Two HHS Teachers Inspire By Running Boston Marathon

Mrs. Knoblock proudly smiling after finishing the marathon.

Photo courtesy of Ms. Knoblock

Mrs. Knoblock proudly smiling after finishing the marathon.

Kaylee Hill, Contributing Writer

The third Monday of April, Patriots’ Day, always marks the annual Boston Marathon. The Boston Marathon has been occurring annually since 1897, which makes it the world’s oldest annual marathon.  It was originally inspired by the success of the first marathon competition in the 1896 Summer Olympics. The event is highly attended by runners all over the world and attracts just as many spectators.

Junior Michael Hill said, “the Boston Marathon has such a rich history, and it is amazing how Boylston Street is packed with spectators cheering on every single runner, especially the ones who struggle at the end”. The Boston Athletic Association manages putting the entire race into running (no pun intended). With the newer technology, family and friends in the past couple of years have been able to track runners progress throughout their journey of 26.2 miles. The app gives four updates, one at the 5k, 10k, 15k, and 20k marks, along with the runner’s pace and predicted finish.

Monday, April 17th, 2017 marked this year’s annual Boston Marathon. It was a gorgeous day with temperatures sitting in the high 70s range. However, that is a very hot temperature for 26.2 miles, and rather unexpected considering April’s consistent low 50s and 60s. Veteran marathon runners advised new and old marathoners of the dangers that high temperatures bring, including dehydration and heat exhaustion. 

Coming up to the finish line, metal stands blocked off spectators from the road with signs and banners overhead and a hanging clock ticking away. Storms of runners, dressed in tank tops and shorts, crossed the line with relief. Their marathon journey finally completed after months and months of hard work and training! Hingham High School’s own Ms. Hebert took up the preparation months in advance working hard alongside her cross country runners well into the season. Junior Heather Linscott said, “I am so proud of my math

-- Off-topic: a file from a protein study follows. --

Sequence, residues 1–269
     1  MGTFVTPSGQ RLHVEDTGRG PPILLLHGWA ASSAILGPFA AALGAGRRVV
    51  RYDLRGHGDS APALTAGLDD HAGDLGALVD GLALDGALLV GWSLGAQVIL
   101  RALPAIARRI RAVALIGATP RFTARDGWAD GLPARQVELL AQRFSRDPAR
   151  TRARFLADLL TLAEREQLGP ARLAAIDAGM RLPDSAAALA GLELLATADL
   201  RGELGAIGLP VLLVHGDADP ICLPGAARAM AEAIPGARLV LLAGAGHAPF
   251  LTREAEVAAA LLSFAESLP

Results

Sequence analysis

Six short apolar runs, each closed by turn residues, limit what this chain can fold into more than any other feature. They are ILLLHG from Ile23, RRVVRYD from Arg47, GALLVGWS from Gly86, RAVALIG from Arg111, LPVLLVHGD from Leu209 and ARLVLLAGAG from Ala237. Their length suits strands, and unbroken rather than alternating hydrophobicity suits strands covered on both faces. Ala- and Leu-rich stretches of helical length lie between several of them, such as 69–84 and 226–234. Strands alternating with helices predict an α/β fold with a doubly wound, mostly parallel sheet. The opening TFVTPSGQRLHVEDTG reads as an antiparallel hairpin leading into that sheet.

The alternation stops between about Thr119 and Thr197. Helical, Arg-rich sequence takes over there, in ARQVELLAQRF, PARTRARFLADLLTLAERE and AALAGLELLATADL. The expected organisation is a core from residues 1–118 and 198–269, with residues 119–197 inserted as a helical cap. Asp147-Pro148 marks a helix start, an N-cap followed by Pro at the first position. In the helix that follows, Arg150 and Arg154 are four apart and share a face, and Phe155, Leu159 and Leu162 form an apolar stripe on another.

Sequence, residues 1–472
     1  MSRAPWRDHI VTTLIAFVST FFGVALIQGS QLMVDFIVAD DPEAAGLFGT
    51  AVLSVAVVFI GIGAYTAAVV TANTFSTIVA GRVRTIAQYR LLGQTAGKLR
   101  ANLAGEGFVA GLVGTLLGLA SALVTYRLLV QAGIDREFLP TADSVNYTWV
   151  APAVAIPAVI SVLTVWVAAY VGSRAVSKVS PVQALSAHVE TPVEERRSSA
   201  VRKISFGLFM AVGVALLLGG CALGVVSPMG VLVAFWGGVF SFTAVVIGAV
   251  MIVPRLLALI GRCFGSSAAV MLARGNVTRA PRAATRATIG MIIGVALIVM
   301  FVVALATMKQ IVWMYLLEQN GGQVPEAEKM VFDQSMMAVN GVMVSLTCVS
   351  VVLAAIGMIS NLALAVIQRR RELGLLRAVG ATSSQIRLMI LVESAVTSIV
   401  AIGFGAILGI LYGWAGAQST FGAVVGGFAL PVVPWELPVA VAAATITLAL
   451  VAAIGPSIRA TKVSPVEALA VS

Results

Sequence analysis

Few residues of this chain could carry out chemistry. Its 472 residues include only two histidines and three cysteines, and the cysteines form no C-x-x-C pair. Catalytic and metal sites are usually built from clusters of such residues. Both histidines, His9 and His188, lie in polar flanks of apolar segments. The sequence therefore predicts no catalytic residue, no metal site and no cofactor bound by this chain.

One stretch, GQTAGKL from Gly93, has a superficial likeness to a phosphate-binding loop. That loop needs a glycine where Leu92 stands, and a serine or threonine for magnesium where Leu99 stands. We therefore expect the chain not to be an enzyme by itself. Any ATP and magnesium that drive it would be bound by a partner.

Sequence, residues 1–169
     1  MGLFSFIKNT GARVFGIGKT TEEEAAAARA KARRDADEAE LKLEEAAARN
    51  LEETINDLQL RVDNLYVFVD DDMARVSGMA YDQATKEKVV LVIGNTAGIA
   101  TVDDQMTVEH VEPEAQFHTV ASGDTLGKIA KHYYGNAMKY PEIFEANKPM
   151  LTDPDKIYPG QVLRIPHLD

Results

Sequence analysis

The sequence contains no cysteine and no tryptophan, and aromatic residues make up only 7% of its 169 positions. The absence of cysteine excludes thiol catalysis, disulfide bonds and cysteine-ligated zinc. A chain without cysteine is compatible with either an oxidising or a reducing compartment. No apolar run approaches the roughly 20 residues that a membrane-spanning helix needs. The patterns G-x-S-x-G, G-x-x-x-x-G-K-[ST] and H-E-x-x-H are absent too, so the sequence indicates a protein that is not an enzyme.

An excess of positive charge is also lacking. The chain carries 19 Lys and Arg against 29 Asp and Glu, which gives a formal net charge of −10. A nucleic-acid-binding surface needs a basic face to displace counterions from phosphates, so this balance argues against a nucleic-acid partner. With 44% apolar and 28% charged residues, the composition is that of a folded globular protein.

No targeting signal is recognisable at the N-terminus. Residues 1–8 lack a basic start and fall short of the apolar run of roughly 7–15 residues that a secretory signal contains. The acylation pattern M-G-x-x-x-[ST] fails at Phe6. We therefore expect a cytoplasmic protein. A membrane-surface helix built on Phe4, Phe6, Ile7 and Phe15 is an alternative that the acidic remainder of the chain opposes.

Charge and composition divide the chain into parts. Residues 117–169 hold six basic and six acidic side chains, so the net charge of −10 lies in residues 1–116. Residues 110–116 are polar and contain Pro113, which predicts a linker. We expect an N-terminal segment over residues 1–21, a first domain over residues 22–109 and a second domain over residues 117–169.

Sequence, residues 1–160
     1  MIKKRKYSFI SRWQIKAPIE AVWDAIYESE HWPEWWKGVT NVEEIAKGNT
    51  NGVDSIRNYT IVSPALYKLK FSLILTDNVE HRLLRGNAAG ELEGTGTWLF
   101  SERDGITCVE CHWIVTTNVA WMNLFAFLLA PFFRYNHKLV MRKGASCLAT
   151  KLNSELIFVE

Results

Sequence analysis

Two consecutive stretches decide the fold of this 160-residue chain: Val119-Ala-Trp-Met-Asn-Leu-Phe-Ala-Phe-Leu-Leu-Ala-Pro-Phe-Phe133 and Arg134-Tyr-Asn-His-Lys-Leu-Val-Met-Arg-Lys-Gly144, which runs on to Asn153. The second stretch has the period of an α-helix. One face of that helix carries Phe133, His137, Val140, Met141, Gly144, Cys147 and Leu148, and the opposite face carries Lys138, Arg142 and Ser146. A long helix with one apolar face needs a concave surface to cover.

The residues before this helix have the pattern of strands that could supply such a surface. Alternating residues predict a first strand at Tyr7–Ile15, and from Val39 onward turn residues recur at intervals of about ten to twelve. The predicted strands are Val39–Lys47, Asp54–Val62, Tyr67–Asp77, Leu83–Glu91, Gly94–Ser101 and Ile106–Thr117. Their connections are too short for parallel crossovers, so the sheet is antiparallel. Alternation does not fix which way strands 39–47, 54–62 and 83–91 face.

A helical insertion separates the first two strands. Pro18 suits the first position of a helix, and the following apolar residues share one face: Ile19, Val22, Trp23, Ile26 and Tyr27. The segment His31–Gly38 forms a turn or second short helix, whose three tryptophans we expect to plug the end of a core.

Boston Run Base

teacher/cross country coach Ms. Hebert, she is so inspiring and did amazing”. Mr. Young, the chorale director at Hingham High School, also ran the marathon this year.

Marathon training takes tons of preparation and mental stamina. Many runners begin their scheduled training at least six months in advance. The Boston course is notorious for “Heartbreak Hill” and offset terrain, which translates into many hilly training runs! Runners, eighteen years or older from any nation, can either qualify or run for charity.

This year was exceptionally special for the Boston Marathon. The first woman to officially run the Boston Marathon, Kathrine Switzer, ran the course again fifty years later. She donned the same number, 261. Her perseverance for competitive women’s marathons and long-distance running sparked the steps needed to establish women’s running as a respected sport. Fast forward, and the great strides the running community has overtaken empowers runners and future runners in all race distances today.